Simple casual puzzle game with a surprising amount of depth. Place pieces in order to create combinations and solve the goals. Easy to learn, but challenging to master. With 3 different game modes planned (puzzle, point, saga) and a fully featured editor to create and share your own puzzles. Leaderboards, social integration, and three different supported platforms (Web, iOS, Android). How far can you make it?
Two person team, living outside Philadelphia, consisting of a designer (Stefan Lopuszanski) and a programmer (Adam Reifsneider). Both avid gamers who have a passion for making games and want to do it full time. Sick of the traditional stagnant video game corporate structure we both want to break free and express our love of games.
Monkey vs Robots is a casual puzzle game with pixelart graphics and some mid-nineties retro feeling, with a gameplay similar to Puzzle-Bubble or Arkanoid.
We’ve already released a lite version (or demo if you will) some months ago for different mobile platforms, such as iOS, Android and Pandora, and a Windows one which was only a scaled up version of our game for mobiles.
We were hoping, if the reception were good enough, to be able to add more content and create a full version to be sold at the minimum price in AppStore and Google Play. We haven’t decided that by the time because the three of us had full-time jobs at the same company, which is shutting down the office in 4 months. So we thought it was a good chance to focus on the game now.
Our goal is to add more stages, enemies, ball types, etc. Basically, more content, but also we want to make a new version for bigger screens (PC and tablets) and an OUYA version, if possible, since we already have experience with Android.
We’d like to enter Burst! in the IDG program, last year we made a 2D Flash proof of concept and we’ve recently begun redoing the entire game in 3D in Unity based off of user feedback.
In the original Burst!, we had players queue up fireworks then blow them up to the beat. In the new version, we’re redesigning the gameplay so players just detonate the fireworks (no queueing required) so that the focus can be more on the fireworks themselves. We already have several garage bands lined up to provide music and are looking for more. We also support what we call an ‘educational lite’ element in Burst!. Educational lite means the game doesn’t prep people for school tests but still naturally incorporates STEM (Science, Technology, Engineering or Math) or History into the gameplay to increase player comfort with STEM/History topics. In the case of Burst!, as players progress they unlock elements off of the Periodic Table to increase their color palates, and these are the same elements that give fireworks their corresponding colors in real life. We also allow players to design their own ‘special shell’ that lets them put their own unique design in the sky.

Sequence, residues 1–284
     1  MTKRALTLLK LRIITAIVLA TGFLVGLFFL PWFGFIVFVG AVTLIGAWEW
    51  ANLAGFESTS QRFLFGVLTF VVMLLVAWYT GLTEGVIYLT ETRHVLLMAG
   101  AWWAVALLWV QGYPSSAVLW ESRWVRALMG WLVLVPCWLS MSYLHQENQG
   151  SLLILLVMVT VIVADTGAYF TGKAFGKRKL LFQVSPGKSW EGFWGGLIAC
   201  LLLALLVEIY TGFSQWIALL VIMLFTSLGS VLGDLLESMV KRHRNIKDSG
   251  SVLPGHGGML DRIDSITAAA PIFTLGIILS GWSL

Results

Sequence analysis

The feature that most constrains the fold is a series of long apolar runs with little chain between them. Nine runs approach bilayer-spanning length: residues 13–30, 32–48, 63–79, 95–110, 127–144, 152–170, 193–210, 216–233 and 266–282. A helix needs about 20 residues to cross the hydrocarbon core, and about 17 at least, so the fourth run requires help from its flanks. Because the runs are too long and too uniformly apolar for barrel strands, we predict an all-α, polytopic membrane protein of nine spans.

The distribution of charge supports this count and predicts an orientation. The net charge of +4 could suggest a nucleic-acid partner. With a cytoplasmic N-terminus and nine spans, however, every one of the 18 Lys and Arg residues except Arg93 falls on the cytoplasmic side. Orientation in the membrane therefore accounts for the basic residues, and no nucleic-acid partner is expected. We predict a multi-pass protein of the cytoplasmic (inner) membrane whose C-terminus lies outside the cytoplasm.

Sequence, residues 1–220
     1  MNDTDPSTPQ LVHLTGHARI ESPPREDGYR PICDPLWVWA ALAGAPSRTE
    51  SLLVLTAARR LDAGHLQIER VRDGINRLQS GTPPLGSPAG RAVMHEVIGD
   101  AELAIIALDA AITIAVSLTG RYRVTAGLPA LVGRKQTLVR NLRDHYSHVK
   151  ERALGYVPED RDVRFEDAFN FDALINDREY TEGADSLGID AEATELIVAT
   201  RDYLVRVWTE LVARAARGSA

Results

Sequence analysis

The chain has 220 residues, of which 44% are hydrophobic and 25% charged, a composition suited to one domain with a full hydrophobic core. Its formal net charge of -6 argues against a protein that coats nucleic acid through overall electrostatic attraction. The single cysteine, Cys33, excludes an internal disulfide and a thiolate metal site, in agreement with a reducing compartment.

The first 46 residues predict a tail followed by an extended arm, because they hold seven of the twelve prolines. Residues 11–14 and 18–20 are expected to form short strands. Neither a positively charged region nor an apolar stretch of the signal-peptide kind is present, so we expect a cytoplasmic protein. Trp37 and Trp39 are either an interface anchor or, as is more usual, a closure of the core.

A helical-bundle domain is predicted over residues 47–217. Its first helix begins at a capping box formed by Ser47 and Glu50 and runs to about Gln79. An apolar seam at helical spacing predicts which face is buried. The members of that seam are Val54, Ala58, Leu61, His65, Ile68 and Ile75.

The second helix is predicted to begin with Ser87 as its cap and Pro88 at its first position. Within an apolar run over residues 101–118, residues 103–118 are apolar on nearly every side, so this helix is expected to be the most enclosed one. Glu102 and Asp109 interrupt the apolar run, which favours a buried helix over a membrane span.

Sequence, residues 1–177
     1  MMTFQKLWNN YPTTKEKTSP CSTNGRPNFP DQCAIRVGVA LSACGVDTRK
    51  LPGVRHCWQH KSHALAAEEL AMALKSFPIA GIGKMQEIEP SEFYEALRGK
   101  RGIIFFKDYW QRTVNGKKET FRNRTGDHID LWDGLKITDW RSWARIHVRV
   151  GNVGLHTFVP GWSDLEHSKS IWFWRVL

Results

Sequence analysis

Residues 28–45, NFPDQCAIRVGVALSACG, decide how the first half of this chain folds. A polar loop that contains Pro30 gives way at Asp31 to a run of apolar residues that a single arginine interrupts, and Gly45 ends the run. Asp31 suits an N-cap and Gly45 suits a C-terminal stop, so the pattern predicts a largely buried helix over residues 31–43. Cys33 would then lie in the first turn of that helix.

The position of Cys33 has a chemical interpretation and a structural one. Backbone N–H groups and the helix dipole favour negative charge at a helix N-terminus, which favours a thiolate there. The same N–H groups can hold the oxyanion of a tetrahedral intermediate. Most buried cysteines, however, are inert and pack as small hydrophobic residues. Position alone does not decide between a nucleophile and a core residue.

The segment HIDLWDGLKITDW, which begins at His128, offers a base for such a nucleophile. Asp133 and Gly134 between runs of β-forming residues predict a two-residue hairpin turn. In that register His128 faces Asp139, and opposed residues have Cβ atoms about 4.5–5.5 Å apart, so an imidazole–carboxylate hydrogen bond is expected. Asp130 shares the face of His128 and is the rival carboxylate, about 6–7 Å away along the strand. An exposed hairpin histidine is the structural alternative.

Our team started officially in 2006 as a way for my brother (Trevor Hughes, 6 years younger) and I to take our lives back after our family lost everything when Trev was diagnosed with severe kidney failure in 2002 (he’s had over 60 surgeries since then and is currently on the transplant list). Since starting, we’ve had a lot of work done and are now at a place where we’re making Burst!, a fighting game tech demo called Shattered Soul and also teach kids game design in schools through Sony’s LittleBigPlanet 2. We also were paid to make an educational level pack for LBP2 that taught STEM through rides and roller coasters.
Who are you ?
I’m Mikale Erhart, sixteen years young but I’ve been interested in making games ever since I can remember. I’m an artist mostly, but I have self-taught myself programming. I have been making Flash games for the past four years. My most notable published project is “Leaf Catcher”, which is available for the iPhone, Android and NOOK. The game has had over 20,000 downloads. Everything was made by yours truly except the music.
What project will the Indie Dev Grant be helping you complete?
My current game project is called “Falling Dreams”. It is a casual iPhone game idea I have been developing since April this year. I have some of the art assets done already, but I wanted to upgrade to a new game engine before starting development. I have been looking around for tools, and have been considering either the Corona SDK, Stencyl Studio, or Game Maker:Studio. (I currently use Adobe Flash Professional for game dev but it is outdated and I want to find something that is easier to program in.) That’s where a grant might be helpful.